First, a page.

by | Jul 14, 2022

The Minimum Wage and God’s Law

The Federal Minimum Wage (FMW) is usually not thought of as a mechanism that oppresses the poor. Taking its intended purpose at face value (i.e. help low-skilled workers earn more income) would lead us to think the exact opposite. But that is exactly what the minimum wage accomplishes. It is a man made law that oppresses the poor by cutting off low-skilled workers from getting an entry-level job. In essence, a minimum wage is a price floor intended to regulate how low hourly workers are allowed to sell their labor.

President Franklin Roosevelt’s Fair Labor Standards Act of 1939 first set the FMW at twenty-five cents per hour, has currently climbed to $7.25 per hour, and the most recent push by the 2020 Biden campaign is $15 an hour.[1] At this point God’s law and man’s are at odds. God’s word teaches that all men were endowed with the right to work (Gen 1:28) and receive payment for the labor they do for others (Lev 19:13; Deut 24:15; Matt 10:10; Luke 10:7; 1 Tim 5:18). Any man made law that prohibits two individuals from making a mutual agreement in trading labor for wages is unjust and has negative consequences.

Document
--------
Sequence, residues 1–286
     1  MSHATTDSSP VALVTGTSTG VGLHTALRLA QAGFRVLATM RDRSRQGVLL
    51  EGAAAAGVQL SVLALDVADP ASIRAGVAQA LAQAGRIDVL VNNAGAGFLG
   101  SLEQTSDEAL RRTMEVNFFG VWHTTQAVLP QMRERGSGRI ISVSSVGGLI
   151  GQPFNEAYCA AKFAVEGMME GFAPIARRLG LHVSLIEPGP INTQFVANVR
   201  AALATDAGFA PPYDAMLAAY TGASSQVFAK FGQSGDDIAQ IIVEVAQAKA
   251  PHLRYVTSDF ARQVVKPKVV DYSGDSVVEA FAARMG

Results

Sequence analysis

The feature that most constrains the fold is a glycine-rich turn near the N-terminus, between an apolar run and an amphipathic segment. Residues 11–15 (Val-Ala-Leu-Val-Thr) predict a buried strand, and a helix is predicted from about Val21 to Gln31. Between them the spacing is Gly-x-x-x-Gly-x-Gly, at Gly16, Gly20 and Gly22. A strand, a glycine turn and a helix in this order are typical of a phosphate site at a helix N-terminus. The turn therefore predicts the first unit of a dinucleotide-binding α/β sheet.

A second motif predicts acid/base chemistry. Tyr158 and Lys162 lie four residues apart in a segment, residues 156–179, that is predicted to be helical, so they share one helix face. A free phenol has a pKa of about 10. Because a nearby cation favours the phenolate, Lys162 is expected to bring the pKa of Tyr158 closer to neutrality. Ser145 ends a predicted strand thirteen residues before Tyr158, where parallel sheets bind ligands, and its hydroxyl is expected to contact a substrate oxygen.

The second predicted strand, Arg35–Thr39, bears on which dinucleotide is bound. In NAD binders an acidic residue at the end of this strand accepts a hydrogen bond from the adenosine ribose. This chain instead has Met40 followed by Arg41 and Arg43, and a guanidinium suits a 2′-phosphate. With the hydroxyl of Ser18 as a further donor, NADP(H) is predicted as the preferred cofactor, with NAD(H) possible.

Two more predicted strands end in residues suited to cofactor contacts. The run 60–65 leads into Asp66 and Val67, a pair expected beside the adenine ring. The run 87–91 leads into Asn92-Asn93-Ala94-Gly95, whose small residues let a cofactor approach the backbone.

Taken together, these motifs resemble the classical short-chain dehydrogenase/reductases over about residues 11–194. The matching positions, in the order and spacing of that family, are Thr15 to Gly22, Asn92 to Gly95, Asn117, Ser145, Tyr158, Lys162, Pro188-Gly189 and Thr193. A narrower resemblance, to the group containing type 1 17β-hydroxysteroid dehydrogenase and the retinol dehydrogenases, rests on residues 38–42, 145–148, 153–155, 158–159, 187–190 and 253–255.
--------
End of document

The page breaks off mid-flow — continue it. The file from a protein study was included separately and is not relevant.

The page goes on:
God has commanded not to add or subtract from his word, in order that his laws may be kept (Deut 4:2; 12:32). Applying this principle to civil government, we can deduce that whatever functions God has mandated governments with are restricted to only what is revealed in His word. State legislatures do not have permission from God to make up any laws they want and expect God to approve of them. Nowhere in Scripture do we see God ever command the state to regulate the price of labor. Therefore, minimum wage laws should not exist. To establish such a law would be to disobey God’s command not to add to his word. 

 Paul reaffirms God’s specific blue-print for the function of civil governments in the book of Romans; limiting their responsibility to “an avenger who carries out God’s wrath on the wrongdoer” (13:4). Carrying out God’s justice on criminal behavior is the sole responsibility of civil rulers—not welfare/healthcare, not disaster relief, not economic planning, not education, and certainly not regulating the price of labor. States have an inclination to step into areas of life where they are not authorized by God to do so. Case in point—the  price of labor.


Not only are minimum wage laws unauthorized in God’s word, they are in head-on collision with the property rights that are established and protected by God’s law. This is because individual’s own their labor. The moral basis for property rights is found in the biblical teaching that God, first and foremost, owns everything (Deut 10:14; Psa 24:1) and as creatures who bear His image, we also own things, according to what He has delegated to us as personal property (Gen 1:26-28).